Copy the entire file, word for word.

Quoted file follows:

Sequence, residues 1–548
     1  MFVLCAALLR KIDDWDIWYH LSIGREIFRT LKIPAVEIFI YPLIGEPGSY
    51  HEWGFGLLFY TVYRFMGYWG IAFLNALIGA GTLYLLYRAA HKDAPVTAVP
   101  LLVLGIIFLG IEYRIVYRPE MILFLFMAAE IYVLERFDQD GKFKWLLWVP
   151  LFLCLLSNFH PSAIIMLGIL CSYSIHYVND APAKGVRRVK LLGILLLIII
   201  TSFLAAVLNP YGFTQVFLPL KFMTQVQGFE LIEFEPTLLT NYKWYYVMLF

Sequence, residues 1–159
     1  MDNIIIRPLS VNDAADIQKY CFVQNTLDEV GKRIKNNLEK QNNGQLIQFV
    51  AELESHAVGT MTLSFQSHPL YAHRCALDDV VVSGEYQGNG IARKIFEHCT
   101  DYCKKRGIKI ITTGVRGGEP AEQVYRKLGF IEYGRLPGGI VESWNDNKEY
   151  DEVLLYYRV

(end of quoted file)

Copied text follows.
Sequence, residues 1–548
     1  MFVLCAALLR KIDDWDIWYH LSIGREIFRT LKIPAVEIFI YPLIGEPGSY
    51  HEWGFGLLFY TVYRFMGYWG IAFLNALIGA GTLYLLYRAA HKDAPVTAVP
   101  LLVLGIIFLG IEYRIVYRPE MILFLFMAAE IYVLERFDQD GKFKWLLWVP
   151  LFLCLLSNFH PSAIIMLGIL CSYSIHYVND APAKGVRRVK LLGILLLIII
   201  TSFLAAVLNP YGFTQVFLPL KFMTQVQGFE LIEFEPTLLT NYKWYYVMLF

Sequence, residues 1–159
     1  MDNIIIRPLS VNDAADIQKY CFVQNTLDEV GKRIKNNLEK QNNGQLIQFV
    51  AELESHAVGT MTLSFQSHPL YAHRCALDDV VVSGEYQGNG IARKIFEHCT
   101  DYCKKRGIKI ITTGVRGGEP AEQVYRKLGF IEYGRLPGGI VESWNDNKEY
   151  DEVLLYYRV